The final week for Grade 12 has been full of moments of reflection and inspiration thanks to the collective ef...
The final week for Grade 12 has been full of moments of reflection and inspiration thanks to the collective effort and input of staff and students. It has also been wonderful to be able to share some of these moments with parents and carers.
At the Valedictory Assembly I shared with students the story of an ordinary farmer, Cliff Young, who, in so many respects was simply extraordinary.
As most parents will know, in 1983, Cliff Young, aged 61, showed up to run in the first Sydney to Melbourne Ultra Marathon. Cliff wore his first-ever pair of running shoes and windbreaker pants which were ventilated thanks to a number of hand-cut holes.
Cliff collected his race number, took out his false teeth lest they rattle as he ran, and stepped into line with a group of young athletes waiting to start the 875-kilometre race.
Some athletes and spectators at the start line looked at him and were dumbfounded. The less charitable scoffed. How was this old man going to compete against athletes who had carefully trained for this intensive race? What 61-year-old could run the equivalent of 11 Launceston Grammar Walkathons?
Cliff was a potato and sheep farmer who had built up endurance chasing thousands of sheep across his family farm in overalls and gumboots.
Not surprisingly, when the race started, Cliff was quickly left behind.
His running stride wasn’t much of a stride, it was more of a shuffle, and he was anything but fast.
It is reported that before the race he told reporters: “See, I grew up on a farm where we couldn’t afford horses or tractors, and the whole time I was growing up, whenever the storms would roll in, I’d have to go out and round up the sheep. We had 2 000 sheep on 2 000 acres. Sometimes I would have to run those sheep for two or three days. It took a long time, but I’d always catch them. I believe I can run this race.”
Now the standard approach to an ultramarathon at that time saw athletes run for about 18 hours a day before sleeping for 6 hours. Cliff’s approach was anything but standard.
When the professional athletes laid down for the evening, Cliff just kept shuffling. When the athletes woke, Cliff had covered significant ground in the night.
Before long, Cliff had gained a lead that no athlete could chase down.
When Cliff crossed the finish line in Melbourne, he was 10 hours ahead of the second athlete. His time of 5 days, 15 hours and 4 minutes beat the previous record for a run between Sydney and Melbourne by more than two days.
When Cliff was awarded the first-place prize of $10 000, he surprised everyone still further by sharing the prize money with the other race competitors and giving most of it away.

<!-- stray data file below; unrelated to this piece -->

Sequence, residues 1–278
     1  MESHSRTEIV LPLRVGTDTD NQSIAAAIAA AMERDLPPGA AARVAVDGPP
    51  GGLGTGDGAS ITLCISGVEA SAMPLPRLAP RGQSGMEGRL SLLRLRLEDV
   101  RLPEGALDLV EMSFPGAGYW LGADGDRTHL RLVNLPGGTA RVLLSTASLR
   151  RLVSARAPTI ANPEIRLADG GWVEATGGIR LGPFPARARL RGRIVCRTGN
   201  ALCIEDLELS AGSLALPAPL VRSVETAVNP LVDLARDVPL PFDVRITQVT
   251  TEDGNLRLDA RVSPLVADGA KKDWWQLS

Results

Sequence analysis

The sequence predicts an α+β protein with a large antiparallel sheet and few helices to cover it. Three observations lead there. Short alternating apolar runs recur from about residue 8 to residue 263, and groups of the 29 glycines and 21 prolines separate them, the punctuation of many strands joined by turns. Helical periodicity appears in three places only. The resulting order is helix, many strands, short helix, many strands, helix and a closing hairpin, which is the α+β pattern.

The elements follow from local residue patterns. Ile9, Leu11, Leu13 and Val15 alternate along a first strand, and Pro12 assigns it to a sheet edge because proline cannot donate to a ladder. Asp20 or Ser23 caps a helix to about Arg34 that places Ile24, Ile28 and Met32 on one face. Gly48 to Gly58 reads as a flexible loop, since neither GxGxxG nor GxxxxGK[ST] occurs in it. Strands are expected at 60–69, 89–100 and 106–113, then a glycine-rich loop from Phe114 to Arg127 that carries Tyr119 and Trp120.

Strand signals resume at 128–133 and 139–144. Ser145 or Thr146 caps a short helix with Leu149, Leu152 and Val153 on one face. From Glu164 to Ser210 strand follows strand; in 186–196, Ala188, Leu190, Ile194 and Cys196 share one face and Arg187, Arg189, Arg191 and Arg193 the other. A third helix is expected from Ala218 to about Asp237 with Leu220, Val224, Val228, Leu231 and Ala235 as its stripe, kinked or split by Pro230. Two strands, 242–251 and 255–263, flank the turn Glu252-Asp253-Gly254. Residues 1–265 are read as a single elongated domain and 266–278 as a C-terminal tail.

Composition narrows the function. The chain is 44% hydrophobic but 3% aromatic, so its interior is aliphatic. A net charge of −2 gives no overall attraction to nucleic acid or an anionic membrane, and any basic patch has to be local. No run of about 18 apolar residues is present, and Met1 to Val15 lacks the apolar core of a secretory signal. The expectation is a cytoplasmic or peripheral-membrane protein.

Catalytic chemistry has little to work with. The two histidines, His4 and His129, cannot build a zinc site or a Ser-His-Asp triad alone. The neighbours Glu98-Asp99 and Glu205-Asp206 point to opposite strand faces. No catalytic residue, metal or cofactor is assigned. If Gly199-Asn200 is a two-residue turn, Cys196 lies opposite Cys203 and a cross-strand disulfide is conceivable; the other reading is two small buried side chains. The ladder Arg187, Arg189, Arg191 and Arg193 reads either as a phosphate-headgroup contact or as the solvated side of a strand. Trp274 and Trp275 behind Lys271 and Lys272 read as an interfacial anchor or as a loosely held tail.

While none of our Grade 12 are likely to be planning to run an actual ultramarathon any time soon, all are about to embark on the ultramarathon of life.
As Grade 12 students looked ahead this week at the new race they will be starting soon, I encouraged students to find inspiration in three aspects of Cliff’s approach.
Firstly, Cliff knew that just because everybody runs a certain way did not mean he had to run that way. Cliff found the right way for him to run and had the courage to not let the doubters at the start line deter him.
As it turned out, Cliff’s odd way of running around his sheep farm in overalls and gumboots was later found to be an extremely energy-efficient way to run long distances due to the slow-but-steady gait. Today, the gait is known as the “Young shuffle” or the “Ultra shuffle” and has been adopted by other ultra-marathon runners.
For our graduating students, throughout their life there will be pressure at times to be someone who they are not, simply to fit it with the crowd. When this occurs, our hope is that students will remember what they have learned in Chapel over the years, that God has made each and every one of them uniquely and beautifully. Their best days and years will come when they confidently embrace those unique gifts, abilities and interests rather than copying the crowd.
Secondly, Cliff knew that the discipline of pushing through and putting one foot in front of the other would get him to where he wanted to go. His progress was slow and steady but most importantly it was consistent.
6.4 kilometres an hour. That was the average speed Cliff maintained over the five-and-a-half days, including breaks. It’s not very fast. His pace while running was just over 8 kilometres an hour. Some of our students can run faster. But how many can keep up that speed for an entire day, much less consecutive days?